The Great God Pan
|The Great God Pan|
|Media type||Print (hardcover)|
"The Great God Pan" is a novella written by Arthur Machen. A version of the story was published in the magazine The Whirlwind in 1890, and Machen revised and extended it for its book publication (together with another story, "The Inmost Light") in 1894. On publication it was widely denounced by the press as degenerate and horrific because of its decadent style and sexual content, although it has since garnered a reputation as a classic of horror. Machen’s story was only one of many at the time to focus on Pan as a useful symbol for the power of nature and paganism. The title was possibly inspired by the poem "A Musical Instrument" published in 1862 by Elizabeth Barrett Browning, in which the first line of every stanza ends "... the great god Pan."
Dr. Raymond's ultimate goal is to devise a way to open the mind of man so that he may experience all the world has to offer. He calls this, "seeing the great god Pan." After much study of the human mind he devises an experiment which involves minor brain surgery. He performs this experiment on a young woman named Mary, but when she awakes she is terrified and mentally crippled. Years later, the beautiful but sinister-looking Helen Vaughan is reported to have caused a series of mysterious happenings in a small nameless town. She spends all her days in the woods, scares a boy so much he is hospitalized, and leads to the rape of her best friend Rachel. Helen then moves to the London social scene and marries a man name Herbert. Years later Herbert is found by his former friend Villiers to be a beggar and vagrant. When asked how he had fallen so low, Herbert replies that he had been "corrupted body and soul" by his wife. Helen disappears for some time, supposedly taking part in disturbing orgies somewhere in the Americas. When she returns as Mrs. Beaumont she is followed by a series of suicides. Villiers discovers that she is in fact Helen and goes to confront her. He persuades her to hang herself and she has a very abnormal death, transforming between man and beast before finally dying. Ultimately, it is discovered that Helen is the child of Mary and Pan, who was let in when Raymond opened her mind up to him.
Critical opinion 
In "Supernatural Horror in Literature" (1926; revised 1933), H. P. Lovecraft praised the story, saying: "No one could begin to describe the cumulative suspense and ultimate horror with which every paragraph abounds"; he added that "the sensitive reader" reaches the end with "an appreciative shudder." Lovecraft also noted, however, that "melodrama is undeniably present, and coincidence is stretched to a length which appears absurd upon analysis." The Encyclopedia of Science Fiction (1993) notes "The story begins with an sf rationale (brain surgery) which remains one of the most dramatically horrible and misogynistic in fiction."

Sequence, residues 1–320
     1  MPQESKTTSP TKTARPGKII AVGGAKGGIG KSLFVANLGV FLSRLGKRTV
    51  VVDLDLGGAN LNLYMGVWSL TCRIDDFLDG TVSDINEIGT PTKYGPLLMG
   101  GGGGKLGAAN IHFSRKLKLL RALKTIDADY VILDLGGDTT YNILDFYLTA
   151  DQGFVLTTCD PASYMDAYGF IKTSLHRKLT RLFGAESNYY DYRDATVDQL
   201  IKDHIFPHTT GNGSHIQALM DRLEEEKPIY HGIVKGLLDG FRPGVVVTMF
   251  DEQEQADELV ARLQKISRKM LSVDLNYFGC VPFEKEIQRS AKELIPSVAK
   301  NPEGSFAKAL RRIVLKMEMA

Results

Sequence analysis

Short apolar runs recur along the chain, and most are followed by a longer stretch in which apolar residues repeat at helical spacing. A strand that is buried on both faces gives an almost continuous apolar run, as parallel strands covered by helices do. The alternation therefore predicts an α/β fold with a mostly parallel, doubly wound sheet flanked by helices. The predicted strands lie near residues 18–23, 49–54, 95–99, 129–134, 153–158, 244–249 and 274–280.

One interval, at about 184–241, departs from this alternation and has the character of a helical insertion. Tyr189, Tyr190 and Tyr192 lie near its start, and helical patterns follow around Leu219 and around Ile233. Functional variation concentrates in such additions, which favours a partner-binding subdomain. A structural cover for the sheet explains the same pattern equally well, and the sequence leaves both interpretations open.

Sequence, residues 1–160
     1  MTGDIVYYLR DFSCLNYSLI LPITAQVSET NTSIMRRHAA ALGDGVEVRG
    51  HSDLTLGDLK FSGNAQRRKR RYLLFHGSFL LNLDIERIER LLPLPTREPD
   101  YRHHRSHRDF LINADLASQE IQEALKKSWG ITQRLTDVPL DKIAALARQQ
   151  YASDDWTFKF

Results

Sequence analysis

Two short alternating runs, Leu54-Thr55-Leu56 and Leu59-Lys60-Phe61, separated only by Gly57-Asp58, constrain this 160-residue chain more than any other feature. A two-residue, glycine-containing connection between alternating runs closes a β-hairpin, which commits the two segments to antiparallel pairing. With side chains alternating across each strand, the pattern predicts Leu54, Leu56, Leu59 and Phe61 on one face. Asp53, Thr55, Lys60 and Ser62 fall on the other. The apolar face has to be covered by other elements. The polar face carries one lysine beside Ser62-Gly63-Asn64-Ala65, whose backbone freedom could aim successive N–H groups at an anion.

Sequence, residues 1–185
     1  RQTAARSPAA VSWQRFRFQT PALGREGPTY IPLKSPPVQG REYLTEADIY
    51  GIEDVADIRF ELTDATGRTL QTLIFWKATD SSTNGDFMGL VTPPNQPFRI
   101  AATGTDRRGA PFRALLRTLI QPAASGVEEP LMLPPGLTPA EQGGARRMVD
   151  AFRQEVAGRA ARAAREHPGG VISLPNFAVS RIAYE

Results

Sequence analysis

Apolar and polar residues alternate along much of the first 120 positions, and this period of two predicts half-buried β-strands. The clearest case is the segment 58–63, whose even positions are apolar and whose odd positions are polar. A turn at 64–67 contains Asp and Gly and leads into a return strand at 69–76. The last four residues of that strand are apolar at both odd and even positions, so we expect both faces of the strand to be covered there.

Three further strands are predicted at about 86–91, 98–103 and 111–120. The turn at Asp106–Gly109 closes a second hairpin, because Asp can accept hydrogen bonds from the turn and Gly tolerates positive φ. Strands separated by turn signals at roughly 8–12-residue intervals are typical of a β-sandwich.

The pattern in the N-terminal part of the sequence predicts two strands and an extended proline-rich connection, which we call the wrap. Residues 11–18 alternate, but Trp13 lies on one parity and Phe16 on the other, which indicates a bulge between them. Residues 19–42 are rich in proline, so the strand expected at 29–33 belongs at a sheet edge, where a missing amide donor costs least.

The Great God Pan was brought to the stage in 2008 by WildClaw Theatre Company in Chicago. It was adapted and directed by WildClaw artistic director Charley Sherman.
The story's depiction of a monstrous half-human hybrid inspired the plot of Lovecraft’s "The Dunwich Horror", which refers by name to Machen’s story. According to Lovecraft scholar Robert M. Price, "The Dunwich Horror is in every sense an homage to Machen and even a pastiche. There is little in Lovecraft's wonderful story that does not come directly out of Machen's fiction." It also inspired Peter Straub's Ghost Story.
The book was translated into French by Paul-Jean Toulet (Le grand dieu Pan, Paris, 1901). It was a major influence on his first novel, Monsieur du Paur, homme public.
Stephen King wrote in the endnotes for his story collection Just After Sunset (2008) that his newly published novella N. was "strongly influenced" by Machen's piece, which he noted, "surmounts its rather clumsy prose and works its way relentlessly into the reader's terror-zone. How many sleepless nights has it caused? God knows, but a few of them were mine. I think 'Pan' is as close as the horror genre comes to a great white whale." In another interview he stated: "Not Lovecraft; it’s a riff on Arthur Machen’s The Great God Pan, which is one of the best horror stories ever written. Maybe the best in the English language. Mine isn’t anywhere near that good, but I loved the chance to put neurotic behavior—obsessive/compulsive disorder—together with the idea of a monster-filled macroverse." 
- Price, pp. ix-x.
- Bosky, Bernadette (1988). "Peter Straub: From Academe to Shadowland". In Schweitzer, Darrell. Discovering Modern Horror Fiction II. San Bernardino: Borgo Press. p. 8. Retrieved 8 April 2013.
- "SELF-INTERVIEW By Stephen King 10:50am September 4th, 2008
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